Simon Callow & Judi Dench in Merry Wives
Royal Shakespeare Theatre
13 December 2006 WOS Rating: Reader Reviews: View and add to our user reviews It would take a churl, a very ‘dried pear’, to cavil at Gregory Doran’s musical adaptation of , which offers reasons enough ‘to be cheerful’. The play, reputedly written to order for Elizabeth I, ranks with Shakespeare’s slightest, while Falstaff, fat though he be, is but a shadow of the colossal creation, the force of nature, who bestrides The Merry Wives of Windsor Henry IV Parts I and II.
Simon Callow, making his RSC acting debut, following the withdrawal due to injury of Desmond Barrit, initially underwhelms. That voice is present and correct of course, and the art informing his performance is never in doubt, but he doesn’t seem to loom over the proceedings as he ought.
And then you remember that the Falstaff of the history plays is not present here. That Falstaff would never be so gulled and Callow’s performance, shaped at short notice, seems even more admirable. This is soft-focus England, something hinted at in
Stephen Brimson Lewis’ set, an idyll of a pristine street of timbered buildings, smoke curling above, giving way to undulating meadows.
The production is cast to the hilt: aside from
Simon Callow, there’s (Dame) Judi Dench; Alistair McGowan; Haydn Gwynne and Alexandra Gilbreath. Also making their presence felt are Simon Trinder, a star of the recent RSC Spanish Golden Age season, Paul Chahidi, unobtrusively excellent of late and terrific here as mad Dr Caius, and Ian Hughes as Sir Hugh Evans, a Welsh Parson.
In the programme notes, Doran promises ‘a romp’, something the production, for the most part, delivers in spades. It’s beautifully staged and excellently played - yet it doesn’t always sweep one up as one feels it should. That this is so seems partly down to the music by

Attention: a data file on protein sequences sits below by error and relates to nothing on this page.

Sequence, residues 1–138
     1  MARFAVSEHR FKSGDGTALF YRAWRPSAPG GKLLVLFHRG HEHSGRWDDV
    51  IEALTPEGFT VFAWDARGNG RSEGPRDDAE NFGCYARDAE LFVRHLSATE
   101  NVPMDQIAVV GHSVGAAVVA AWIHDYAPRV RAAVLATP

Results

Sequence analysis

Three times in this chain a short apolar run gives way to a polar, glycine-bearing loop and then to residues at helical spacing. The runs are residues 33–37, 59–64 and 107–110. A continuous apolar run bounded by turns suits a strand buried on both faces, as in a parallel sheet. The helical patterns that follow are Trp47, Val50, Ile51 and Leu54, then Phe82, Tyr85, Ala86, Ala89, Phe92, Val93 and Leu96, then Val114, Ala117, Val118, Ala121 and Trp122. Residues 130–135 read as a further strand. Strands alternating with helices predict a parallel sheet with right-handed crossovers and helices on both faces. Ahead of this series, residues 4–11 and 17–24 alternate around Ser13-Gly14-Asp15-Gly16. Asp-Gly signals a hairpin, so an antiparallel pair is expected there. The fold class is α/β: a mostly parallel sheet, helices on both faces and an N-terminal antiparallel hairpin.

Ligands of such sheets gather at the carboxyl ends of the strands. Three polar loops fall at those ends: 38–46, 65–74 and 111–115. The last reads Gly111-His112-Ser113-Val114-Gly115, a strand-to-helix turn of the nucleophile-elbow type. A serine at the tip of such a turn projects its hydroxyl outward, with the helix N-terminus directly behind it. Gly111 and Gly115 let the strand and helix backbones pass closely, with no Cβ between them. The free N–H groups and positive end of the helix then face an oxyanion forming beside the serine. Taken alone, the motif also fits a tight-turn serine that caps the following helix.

Paul Englishby. The numbers wittily pastiche West End hits like Cats and Stomp, as well as opera and country & western. For every palpable winner, however, there are two less sparkling melodies.
But this being a Doran production, the experience is never less than rewarding and it will undoubtedly be a hit. Look out for
Brenda O'Hea’s wicked Russell Brand impersonation.
- Pete Wood
Subscribe to our free newsletter
Featured Editor's Picks
Relatively Speaking Goodness knows why Alan Ayckbourn's debut success has had to wait 46 years for its first West End ... Donmar stages Nick Payne premiere, Wesker's Roots & Tom Hiddleston in Coriolanus The Donmar Warehouse has announced its new season, which features the premiere of Nick Payne's new p... ATG acquires Broadway's largest theatre The Foxwoods, home of Spider-Man In another significant step for transatlantic theatre relations, the UK’s biggest theatre ... 1st Night Photos: Strictly stars party at Relatively Speaking first night Strictly stars Kimberley Walsh, Denise Van Outen and Artem Chigvintsev were among those celebrating ... Matilda on Broadway wins five Drama Desk Awards The Broadway transfer of Matilda The Musical has won five gongs at the 58th Annual Drama Desk Awards... Pulitzer winner : Islam is 'ripe territory' for drama Ayad Akhtar Ayad Akhtar's play Disgraced, which won the 2013 Pulitzer Prize for Drama, receives its UK premiere ... Michael Coveney: New York honours Matilda with five big awards First blood in the New York awards contest went to Matilda last night, as the show walked off with... Opening: Relatively Speaking, Southwark Playhouse's Tanzi Libre & NT Shed's Bullet Catch Among this week's major London theatre openings, in the West End and further afield, are Relatively ... Young Vic's award-winning Doll's House transfers to West End Carrie Cracknell's critically acclaimed Young Vic production of A Doll's House, using an adaptatio... : Theatre 'flops' ripe for reinvention Ten of the Best Defining a theatre 'flop' is no straightforward task. A general rule of thumb could be that it mak...